"The possibilities are endless here," he continues. "We just thought, 'Why isn't there an organization focusing on improving the urban quality of life in Indianapolis?' So instead of being a transit-based organization or a green-based organization, we're trying to be an urban-based organization which includes design, environment, and transit. In an urban setting you have to consider all those things together. So that kind of led us to doing projects instead of policy so we're an organization known for our projects that start popping up throughout the city."

Recycling the RCA Dome material was not something they could do on their own. They needed to talk to many parties and develop partnerships with many different organizations including, most crucially, Sabre Demolition. In order to carry out a project of this size, O'Malley and Bricker needed to convince the company responsible for the dome demolition that theirs was a viable idea. They began talking to Sabre in June 2008 prior to the dome coming down.

"Without Sabre Demolition, this never would've happened," O'Malley stresses. "They really are the hero in all this. They listened to our proposal. We actually met with Jaime Gance who was the sight manager and supervisor and he thought it was a good idea."

The search for partners

The PUP founders knew that getting the demolition company to take down the dome material in a way that wouldn't destroy its usefulness and integrity was just one part of the venture in preservation. They needed to find partners to transport and store it as well.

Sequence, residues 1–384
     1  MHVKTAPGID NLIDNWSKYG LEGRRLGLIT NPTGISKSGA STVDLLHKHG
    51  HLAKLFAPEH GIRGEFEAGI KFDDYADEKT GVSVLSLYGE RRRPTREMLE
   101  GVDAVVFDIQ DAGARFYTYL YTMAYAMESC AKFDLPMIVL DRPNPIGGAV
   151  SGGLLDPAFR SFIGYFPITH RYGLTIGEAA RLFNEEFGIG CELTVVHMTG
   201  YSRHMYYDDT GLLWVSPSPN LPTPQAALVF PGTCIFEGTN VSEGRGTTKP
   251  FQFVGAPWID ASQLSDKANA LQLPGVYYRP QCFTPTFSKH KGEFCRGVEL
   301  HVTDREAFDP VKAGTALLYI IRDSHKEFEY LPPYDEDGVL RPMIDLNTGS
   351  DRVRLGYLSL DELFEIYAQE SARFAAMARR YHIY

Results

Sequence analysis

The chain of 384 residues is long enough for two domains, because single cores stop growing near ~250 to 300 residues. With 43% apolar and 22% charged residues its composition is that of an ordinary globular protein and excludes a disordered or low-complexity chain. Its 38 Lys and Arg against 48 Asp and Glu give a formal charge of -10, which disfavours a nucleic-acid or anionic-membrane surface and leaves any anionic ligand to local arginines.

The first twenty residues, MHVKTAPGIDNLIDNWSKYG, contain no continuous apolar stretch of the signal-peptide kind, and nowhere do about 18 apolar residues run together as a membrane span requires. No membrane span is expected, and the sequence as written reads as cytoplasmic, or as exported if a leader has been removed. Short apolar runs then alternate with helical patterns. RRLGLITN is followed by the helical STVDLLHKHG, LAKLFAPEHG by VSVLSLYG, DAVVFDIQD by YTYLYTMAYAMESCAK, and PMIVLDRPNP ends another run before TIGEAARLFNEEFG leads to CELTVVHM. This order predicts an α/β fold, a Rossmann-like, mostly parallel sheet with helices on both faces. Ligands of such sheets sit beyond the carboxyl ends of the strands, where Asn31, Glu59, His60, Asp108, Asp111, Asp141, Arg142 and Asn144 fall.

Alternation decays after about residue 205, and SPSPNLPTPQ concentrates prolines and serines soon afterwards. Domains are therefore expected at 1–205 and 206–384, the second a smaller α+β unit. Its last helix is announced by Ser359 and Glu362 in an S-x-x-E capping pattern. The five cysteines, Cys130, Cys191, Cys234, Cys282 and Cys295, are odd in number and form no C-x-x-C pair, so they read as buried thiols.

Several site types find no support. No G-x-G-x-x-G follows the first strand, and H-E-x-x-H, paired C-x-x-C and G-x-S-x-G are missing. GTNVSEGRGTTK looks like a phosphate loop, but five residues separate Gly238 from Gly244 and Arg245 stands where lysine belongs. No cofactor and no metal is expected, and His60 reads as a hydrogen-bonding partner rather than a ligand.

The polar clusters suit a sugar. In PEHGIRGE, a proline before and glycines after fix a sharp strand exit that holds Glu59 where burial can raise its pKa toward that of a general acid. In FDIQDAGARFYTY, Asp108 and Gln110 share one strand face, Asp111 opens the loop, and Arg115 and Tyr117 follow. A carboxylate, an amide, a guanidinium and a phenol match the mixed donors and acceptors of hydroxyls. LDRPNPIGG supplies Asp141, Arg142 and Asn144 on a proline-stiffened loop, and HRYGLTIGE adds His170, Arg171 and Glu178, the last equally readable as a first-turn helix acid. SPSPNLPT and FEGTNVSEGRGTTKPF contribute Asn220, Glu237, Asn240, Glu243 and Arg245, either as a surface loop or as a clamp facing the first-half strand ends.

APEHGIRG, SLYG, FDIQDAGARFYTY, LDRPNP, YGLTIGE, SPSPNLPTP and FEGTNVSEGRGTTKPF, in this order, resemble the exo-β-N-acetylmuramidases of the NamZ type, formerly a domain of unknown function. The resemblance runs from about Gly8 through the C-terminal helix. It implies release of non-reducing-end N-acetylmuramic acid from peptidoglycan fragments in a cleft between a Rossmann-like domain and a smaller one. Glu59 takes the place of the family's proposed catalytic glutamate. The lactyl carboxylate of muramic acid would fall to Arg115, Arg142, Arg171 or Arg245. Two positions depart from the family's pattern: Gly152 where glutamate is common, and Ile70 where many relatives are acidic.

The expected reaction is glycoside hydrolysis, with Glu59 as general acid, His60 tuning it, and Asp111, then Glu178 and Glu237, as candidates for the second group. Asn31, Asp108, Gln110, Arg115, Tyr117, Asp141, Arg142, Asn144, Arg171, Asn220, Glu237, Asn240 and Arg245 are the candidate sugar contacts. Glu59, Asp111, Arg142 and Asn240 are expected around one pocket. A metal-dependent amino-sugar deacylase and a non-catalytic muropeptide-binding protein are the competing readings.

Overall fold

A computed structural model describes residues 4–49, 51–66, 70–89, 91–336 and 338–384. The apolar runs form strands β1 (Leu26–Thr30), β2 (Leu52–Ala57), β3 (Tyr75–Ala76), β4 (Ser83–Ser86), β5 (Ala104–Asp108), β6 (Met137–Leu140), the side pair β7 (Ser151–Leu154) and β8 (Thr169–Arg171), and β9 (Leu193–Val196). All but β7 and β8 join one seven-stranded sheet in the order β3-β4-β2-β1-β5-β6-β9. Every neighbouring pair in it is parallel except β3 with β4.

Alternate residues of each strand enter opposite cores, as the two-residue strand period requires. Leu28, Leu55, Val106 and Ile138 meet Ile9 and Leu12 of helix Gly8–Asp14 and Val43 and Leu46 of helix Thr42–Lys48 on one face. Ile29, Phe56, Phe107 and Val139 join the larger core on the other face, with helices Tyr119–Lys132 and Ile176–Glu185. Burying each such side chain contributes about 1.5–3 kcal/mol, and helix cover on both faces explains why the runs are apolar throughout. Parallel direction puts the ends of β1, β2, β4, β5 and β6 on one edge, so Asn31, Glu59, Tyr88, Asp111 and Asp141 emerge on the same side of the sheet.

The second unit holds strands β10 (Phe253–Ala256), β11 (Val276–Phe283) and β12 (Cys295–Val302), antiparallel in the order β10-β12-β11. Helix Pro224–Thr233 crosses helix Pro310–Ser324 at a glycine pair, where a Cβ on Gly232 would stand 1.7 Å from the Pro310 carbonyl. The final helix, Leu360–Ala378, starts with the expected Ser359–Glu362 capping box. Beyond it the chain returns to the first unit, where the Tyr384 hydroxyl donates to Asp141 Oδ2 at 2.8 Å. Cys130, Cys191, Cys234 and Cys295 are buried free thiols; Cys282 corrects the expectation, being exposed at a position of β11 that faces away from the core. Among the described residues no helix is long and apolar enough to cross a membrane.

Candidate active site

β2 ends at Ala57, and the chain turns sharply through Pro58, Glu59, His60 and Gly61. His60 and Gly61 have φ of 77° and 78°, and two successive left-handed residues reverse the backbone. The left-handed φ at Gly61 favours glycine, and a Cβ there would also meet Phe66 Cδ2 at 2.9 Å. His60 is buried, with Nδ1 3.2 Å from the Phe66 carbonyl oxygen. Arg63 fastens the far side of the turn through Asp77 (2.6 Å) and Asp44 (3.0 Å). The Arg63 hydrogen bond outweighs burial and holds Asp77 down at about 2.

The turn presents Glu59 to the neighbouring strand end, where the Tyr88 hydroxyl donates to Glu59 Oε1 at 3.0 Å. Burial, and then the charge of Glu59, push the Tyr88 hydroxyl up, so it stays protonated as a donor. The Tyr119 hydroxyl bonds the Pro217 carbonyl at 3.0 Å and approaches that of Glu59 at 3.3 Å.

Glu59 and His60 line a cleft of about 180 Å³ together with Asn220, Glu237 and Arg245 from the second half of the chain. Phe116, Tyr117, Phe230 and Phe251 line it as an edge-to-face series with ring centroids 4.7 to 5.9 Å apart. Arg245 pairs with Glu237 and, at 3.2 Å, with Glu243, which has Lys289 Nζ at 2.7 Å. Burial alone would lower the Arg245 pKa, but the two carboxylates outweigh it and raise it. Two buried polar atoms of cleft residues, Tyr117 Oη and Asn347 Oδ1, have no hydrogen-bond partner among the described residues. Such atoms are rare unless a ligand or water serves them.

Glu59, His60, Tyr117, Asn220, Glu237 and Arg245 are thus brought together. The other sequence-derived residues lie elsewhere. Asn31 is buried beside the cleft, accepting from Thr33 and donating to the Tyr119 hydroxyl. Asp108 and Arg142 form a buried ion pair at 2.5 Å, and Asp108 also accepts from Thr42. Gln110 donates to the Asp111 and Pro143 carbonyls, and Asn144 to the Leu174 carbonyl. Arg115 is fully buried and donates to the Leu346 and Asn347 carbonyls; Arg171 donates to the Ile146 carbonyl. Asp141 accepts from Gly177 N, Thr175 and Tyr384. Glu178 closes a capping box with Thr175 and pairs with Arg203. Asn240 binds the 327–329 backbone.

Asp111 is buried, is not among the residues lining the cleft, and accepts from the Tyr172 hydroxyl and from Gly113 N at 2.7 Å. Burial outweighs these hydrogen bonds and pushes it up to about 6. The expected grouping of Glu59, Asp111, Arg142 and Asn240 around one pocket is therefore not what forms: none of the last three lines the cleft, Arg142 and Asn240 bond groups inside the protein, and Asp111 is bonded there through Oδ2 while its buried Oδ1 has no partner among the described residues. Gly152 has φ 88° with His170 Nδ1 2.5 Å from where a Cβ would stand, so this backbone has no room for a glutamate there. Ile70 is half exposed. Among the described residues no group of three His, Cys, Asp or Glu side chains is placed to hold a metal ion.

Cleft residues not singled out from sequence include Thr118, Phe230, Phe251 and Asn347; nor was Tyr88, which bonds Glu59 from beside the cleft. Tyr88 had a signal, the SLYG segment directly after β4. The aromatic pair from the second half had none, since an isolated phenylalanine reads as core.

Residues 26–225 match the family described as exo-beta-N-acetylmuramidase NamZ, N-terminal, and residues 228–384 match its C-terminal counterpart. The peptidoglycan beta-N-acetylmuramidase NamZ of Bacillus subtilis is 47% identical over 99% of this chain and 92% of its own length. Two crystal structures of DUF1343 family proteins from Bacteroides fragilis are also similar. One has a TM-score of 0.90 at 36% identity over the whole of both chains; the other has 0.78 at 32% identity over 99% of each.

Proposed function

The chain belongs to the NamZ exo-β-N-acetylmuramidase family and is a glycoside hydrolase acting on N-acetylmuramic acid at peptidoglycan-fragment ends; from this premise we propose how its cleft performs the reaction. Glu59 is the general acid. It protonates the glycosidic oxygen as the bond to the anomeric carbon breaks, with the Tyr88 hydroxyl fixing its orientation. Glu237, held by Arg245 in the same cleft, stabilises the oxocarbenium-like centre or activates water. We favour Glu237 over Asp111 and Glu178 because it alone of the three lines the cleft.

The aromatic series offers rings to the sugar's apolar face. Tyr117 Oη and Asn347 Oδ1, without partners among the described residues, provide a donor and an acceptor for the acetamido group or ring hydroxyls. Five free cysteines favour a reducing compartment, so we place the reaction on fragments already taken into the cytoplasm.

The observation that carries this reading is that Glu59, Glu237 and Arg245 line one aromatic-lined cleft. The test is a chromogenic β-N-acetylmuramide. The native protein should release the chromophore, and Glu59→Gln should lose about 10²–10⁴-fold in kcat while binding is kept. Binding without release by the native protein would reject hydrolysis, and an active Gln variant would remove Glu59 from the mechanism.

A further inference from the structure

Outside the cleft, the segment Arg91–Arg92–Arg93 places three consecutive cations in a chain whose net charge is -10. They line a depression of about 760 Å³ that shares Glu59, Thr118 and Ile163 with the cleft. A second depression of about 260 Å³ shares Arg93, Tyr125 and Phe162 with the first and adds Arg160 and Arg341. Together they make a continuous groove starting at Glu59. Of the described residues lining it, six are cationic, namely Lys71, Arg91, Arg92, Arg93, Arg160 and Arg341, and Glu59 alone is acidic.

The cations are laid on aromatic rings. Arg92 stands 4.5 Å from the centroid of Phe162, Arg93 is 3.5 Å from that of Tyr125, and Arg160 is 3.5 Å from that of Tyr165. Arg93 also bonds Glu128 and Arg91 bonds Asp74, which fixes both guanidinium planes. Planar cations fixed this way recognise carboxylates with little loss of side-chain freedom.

First they went to Indy Parks. It made perfect sense: If all went well, the urban parks of Indianapolis would ultimately benefit from shade structures and shelters made from the dome material. Indy Parks agreed to store the first eight acres that came down.

"So once Indy Parks was interested, they helped line up transportation and storage. And [their] warehouse is on Delaware and South Street," says Bricker. "So it was only going like five blocks and by that time it had been folded up and palatized. That chunk of it was pretty easy to transport. And that hadn't been cleaned. That's just sitting in there. The only stuff that's been cleaned is what we are turning into bags. And that's a process of power-washing and then hand-washing twice and then cutting them out. It's a long process."

PUP also arranged for SEND (Southeast Neighborhood Development) and Keep Indianapolis Beautiful to store the remaining dome material.

Once enough had been salvaged and cleaned, seven local PUP-commisioned artists created wallets, bags, messenger bags, notebooks and other items. You can find the goods available for purchase at Indy Swank, Big Hat Books & Arts, Homespun, Silver in the City, the Indiana State Museum, as well as the PUP studio itself on First Fridays.

As you make the rounds this First Friday, Dec. 3, stop by the People for Urban Progress headquarters in Fountain Square and consider buying a repurposed piece of Indy history to support their mission.

Items from PUP available for sale now (dome wallets, clutches and messenger bags are no longer available):

* Urban Hobo ($65), made from the RCA Dome roof and other repurposed fabrics. Designed for PUP by Jessica Bricker and made by Jessica Bricker and Liz Roney.

* Noteables ($24-$55), also made from the RCA Dome roof and recycled paper. Handmade by Melissa Oesch of Reimagined by Luna (

* PUPshirts ($24), designed by PUP.